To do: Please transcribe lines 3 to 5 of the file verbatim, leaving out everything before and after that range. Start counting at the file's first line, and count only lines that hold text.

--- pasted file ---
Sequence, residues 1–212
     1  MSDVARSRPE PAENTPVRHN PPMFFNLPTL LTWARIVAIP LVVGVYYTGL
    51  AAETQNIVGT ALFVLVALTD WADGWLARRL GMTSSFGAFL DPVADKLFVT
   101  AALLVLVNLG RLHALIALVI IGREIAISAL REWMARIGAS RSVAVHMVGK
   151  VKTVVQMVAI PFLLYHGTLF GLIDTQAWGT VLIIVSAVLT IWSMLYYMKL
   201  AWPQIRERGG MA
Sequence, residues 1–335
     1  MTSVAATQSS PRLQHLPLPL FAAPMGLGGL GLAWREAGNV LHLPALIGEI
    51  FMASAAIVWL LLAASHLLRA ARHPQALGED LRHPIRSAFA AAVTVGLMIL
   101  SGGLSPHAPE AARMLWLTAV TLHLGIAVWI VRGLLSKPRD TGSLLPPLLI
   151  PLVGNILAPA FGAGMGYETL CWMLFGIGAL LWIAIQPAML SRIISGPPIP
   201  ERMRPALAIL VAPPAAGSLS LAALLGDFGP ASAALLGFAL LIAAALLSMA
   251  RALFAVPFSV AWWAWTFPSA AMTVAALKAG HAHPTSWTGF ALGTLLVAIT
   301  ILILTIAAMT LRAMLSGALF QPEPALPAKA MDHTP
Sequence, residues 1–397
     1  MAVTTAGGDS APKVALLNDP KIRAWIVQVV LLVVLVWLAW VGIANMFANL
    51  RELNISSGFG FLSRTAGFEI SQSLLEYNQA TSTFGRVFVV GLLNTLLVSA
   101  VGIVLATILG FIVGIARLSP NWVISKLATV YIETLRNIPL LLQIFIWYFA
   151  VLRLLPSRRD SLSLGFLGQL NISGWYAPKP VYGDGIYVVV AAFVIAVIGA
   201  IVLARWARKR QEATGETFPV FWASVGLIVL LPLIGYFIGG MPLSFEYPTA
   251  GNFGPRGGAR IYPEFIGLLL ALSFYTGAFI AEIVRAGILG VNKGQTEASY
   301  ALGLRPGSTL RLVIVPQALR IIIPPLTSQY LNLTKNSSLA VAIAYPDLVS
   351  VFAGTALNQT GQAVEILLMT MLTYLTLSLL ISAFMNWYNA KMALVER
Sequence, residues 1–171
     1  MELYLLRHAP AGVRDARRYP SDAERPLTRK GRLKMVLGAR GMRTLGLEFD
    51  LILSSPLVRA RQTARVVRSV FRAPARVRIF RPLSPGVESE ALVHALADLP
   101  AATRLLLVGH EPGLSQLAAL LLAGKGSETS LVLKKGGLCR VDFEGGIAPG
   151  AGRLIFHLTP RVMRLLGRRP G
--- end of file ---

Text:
    51  AAETQNIVGT ALFVLVALTD WADGWLARRL GMTSSFGAFL DPVADKLFVT
   101  AALLVLVNLG RLHALIALVI IGREIAISAL REWMARIGAS RSVAVHMVGK
   151  VKTVVQMVAI PFLLYHGTLF GLIDTQAWGT VLIIVSAVLT IWSMLYYMKL